Between Covid-19 and the protests against racial injustice this summer, I think it is safe to say that most places in the US are drained in every sense of the word.
Earlier this week, the DOJ (who are working for the President and not for the people) claimed that New York City is an “anarchist state“. The official statement is the following:
New York City is one of three places that “have permitted violence and destruction of property to persist and have refused to undertake reasonable measures to counteract criminal activities,” leading to its designation as an “anarchist jurisdiction,” the Justice Department said Monday.
I don’t how how they describe anarchy, but this is what I think of when someone says anarchy.
From my perspective, it looks like they think that protests against racism and racial injustice are the work of so-called “anarchists”. If that is the case, this country is in deep trouble. While there will always be crimes and the need for police, there is also the right to protest. If that is what they deem “anarchy”, I will take that over the autocratic police state that is the vision of the current administration.
Whether we know it or not, we often look to celebrities as examples of how to behave or not behave.
Since May, when George Floyd was murdered, protests have exploded all over the country. Across Hollywood and the sports world, celebrities have stepped up in the name of justice and equality.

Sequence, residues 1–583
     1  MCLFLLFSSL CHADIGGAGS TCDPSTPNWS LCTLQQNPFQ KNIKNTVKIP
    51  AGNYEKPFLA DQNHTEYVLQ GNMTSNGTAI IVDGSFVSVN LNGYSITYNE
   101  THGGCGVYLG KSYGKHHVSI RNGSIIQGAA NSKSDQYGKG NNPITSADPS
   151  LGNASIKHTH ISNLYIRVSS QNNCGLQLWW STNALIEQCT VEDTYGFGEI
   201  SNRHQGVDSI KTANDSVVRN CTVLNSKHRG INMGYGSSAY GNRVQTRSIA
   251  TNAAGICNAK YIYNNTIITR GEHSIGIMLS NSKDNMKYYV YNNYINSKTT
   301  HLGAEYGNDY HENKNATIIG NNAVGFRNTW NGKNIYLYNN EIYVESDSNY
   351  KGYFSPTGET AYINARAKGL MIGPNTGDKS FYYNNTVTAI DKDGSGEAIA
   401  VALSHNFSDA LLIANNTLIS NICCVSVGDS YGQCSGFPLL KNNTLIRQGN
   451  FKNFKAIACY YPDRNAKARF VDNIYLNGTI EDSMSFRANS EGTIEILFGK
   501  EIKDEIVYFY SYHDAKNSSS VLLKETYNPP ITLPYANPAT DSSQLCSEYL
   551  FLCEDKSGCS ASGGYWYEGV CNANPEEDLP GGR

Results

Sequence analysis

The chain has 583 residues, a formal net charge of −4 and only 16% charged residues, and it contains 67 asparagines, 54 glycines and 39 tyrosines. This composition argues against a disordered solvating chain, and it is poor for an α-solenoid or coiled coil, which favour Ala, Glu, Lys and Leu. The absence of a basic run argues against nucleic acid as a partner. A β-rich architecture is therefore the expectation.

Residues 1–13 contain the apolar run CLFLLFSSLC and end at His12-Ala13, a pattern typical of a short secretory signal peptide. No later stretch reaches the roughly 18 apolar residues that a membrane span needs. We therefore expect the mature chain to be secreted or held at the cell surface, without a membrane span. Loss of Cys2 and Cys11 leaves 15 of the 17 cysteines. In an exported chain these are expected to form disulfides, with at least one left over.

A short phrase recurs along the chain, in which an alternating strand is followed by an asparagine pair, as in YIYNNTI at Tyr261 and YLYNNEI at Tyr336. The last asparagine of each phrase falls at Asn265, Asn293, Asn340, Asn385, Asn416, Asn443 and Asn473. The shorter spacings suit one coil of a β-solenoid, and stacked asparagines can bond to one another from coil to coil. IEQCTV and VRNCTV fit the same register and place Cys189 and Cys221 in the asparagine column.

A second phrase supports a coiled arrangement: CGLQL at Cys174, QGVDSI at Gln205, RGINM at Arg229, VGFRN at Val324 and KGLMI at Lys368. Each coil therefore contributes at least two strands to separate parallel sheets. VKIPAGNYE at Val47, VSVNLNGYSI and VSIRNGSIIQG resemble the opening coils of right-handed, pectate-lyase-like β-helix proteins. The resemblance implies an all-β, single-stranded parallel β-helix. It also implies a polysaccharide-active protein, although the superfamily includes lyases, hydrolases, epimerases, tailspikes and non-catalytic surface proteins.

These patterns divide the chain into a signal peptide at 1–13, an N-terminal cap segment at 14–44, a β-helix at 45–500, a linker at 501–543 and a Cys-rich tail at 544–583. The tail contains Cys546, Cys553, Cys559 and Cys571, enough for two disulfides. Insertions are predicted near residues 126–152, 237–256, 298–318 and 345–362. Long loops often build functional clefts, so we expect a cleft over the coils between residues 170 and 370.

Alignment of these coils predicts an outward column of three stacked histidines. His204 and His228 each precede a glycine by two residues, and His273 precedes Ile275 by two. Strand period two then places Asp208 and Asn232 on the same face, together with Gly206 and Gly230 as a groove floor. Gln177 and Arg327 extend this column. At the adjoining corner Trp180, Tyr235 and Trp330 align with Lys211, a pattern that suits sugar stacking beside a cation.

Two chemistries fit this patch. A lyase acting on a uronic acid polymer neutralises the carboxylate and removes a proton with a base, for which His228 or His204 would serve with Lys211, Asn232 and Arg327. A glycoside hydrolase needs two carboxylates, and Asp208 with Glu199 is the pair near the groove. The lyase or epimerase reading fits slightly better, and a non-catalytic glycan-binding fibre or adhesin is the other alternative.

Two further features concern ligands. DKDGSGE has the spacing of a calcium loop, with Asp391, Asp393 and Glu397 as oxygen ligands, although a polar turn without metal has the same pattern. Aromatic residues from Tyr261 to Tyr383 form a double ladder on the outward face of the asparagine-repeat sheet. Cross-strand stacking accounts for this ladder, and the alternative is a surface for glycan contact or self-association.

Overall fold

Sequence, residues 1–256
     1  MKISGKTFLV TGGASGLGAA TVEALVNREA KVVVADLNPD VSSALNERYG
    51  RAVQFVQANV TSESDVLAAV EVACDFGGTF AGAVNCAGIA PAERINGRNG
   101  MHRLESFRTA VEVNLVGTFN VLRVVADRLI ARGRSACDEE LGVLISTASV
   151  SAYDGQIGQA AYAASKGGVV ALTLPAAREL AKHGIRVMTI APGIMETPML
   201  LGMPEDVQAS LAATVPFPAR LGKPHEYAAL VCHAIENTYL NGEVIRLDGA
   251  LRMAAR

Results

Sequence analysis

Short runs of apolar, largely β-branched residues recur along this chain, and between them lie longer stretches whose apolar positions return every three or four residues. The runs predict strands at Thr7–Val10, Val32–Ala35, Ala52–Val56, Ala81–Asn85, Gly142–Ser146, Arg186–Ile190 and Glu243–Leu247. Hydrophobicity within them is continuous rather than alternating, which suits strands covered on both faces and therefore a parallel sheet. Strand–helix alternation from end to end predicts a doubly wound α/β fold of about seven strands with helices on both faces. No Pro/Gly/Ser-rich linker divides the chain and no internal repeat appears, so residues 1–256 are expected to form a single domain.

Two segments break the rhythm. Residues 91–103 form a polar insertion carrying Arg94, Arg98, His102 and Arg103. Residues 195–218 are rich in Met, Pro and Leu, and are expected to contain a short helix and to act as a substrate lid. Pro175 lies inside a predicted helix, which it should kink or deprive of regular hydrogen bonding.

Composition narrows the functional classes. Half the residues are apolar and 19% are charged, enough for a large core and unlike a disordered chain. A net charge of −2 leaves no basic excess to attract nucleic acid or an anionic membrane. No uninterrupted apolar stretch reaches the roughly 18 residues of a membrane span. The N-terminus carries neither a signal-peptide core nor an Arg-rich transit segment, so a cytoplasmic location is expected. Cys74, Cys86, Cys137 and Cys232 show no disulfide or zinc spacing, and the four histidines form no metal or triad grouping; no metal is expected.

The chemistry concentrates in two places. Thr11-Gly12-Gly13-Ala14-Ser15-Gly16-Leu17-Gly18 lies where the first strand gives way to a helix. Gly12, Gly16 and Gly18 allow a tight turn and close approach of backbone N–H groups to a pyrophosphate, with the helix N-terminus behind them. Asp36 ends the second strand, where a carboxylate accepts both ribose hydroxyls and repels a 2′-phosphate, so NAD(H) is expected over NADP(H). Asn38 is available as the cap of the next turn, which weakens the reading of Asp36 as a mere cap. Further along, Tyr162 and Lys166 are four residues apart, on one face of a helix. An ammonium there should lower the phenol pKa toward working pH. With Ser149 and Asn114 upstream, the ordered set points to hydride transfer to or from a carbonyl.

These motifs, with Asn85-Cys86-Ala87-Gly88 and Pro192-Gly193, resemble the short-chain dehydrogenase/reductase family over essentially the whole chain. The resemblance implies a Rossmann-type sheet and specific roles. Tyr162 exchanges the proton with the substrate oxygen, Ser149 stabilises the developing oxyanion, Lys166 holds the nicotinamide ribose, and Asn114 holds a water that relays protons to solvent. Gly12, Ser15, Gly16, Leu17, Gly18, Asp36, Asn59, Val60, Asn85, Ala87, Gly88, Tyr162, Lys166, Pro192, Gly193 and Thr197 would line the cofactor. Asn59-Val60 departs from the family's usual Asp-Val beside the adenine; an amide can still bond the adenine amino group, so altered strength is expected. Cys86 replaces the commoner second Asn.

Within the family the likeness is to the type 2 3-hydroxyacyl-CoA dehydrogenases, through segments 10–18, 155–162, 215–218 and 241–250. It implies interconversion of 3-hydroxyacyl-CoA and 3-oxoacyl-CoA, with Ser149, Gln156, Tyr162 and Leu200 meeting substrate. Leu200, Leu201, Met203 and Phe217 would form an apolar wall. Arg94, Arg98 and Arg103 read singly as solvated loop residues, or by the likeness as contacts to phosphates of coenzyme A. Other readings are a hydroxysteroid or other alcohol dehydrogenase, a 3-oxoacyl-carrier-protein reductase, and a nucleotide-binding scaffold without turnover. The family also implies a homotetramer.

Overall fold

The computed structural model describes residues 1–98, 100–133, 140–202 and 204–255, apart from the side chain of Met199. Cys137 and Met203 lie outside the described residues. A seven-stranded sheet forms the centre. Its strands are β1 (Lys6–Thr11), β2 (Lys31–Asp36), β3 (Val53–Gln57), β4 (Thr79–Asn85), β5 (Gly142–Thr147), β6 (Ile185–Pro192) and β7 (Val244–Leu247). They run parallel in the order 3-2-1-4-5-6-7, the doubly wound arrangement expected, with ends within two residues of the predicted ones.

With the shooting of Jacob Blake last weekend, America was again reminded that police still single out Americans of color. In response, several NBA teams have chosen to strike. Jared Kusher, sticking his nose in where it did not belong, claimed that they were “taking the night off“.
The full quote is as follows:
“The NBA players are very fortunate that they have the financial position where they’re able to take a night off from work without having to have the consequences to themselves financially.”
While it is true that they will still earn their salaries, this strike is not about money. It is about racial inequity and violence that still exists in the United States. These players are using their platform to take a stand and send a message.
Not that Kushner or anyone around him would be able to understand that message.
When it comes to our children, we are taught that we should model the behavior that we want them to emulate.
If that is the case, then I wonder what the children of the Jacob Blake have learned. On Sunday afternoon, Mr. Blake, an unarmed African-American man, was shot by police. They shot him in front of his three children as they sat in the family car. The children are all under the age of ten.
As of yesterday, Mr. Blake was still in intensive care.
I have to wonder what message this sends not only to his children, but to everyone’s children? That people of color, especially African-American men and women, are automatically suspicious because of their skin color?
This summer has been one of upheaval, to say the least. Between the murders of George Floyd, Breonna Taylor, and Ahmaud Arbery, protests have been happening non stop. The message should be loud and clear. Law enforcement does not have the carte blanche right to arrest and kill simply because the assumed perpetrator has dark skin.
My prayer is two fold. The first half is that Mr. Blake wakes up and returns home as physically and emotionally whole as possible. The second half is that his children are do not grow up with the emotional scars that come with what they witnessed.
I wish today was an ordinary 4th of July. But as we all know, 2020 is not an ordinary year.